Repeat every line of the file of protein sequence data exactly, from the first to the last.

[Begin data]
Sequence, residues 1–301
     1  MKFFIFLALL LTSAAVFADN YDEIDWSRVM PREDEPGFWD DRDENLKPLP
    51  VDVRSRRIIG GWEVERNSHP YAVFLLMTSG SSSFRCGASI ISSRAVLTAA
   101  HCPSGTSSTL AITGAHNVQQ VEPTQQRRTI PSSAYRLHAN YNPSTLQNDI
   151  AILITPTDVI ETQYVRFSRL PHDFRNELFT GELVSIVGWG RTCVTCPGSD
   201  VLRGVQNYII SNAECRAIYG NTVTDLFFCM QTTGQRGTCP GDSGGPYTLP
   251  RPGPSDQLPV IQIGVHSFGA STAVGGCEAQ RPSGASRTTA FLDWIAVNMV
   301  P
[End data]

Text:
Sequence, residues 1–301
     1  MKFFIFLALL LTSAAVFADN YDEIDWSRVM PREDEPGFWD DRDENLKPLP
    51  VDVRSRRIIG GWEVERNSHP YAVFLLMTSG SSSFRCGASI ISSRAVLTAA
   101  HCPSGTSSTL AITGAHNVQQ VEPTQQRRTI PSSAYRLHAN YNPSTLQNDI
   151  AILITPTDVI ETQYVRFSRL PHDFRNELFT GELVSIVGWG RTCVTCPGSD
   201  VLRGVQNYII SNAECRAIYG NTVTDLFFCM QTTGQRGTCP GDSGGPYTLP
   251  RPGPSDQLPV IQIGVHSFGA STAVGGCEAQ RPSGASRTTA FLDWIAVNMV
   301  P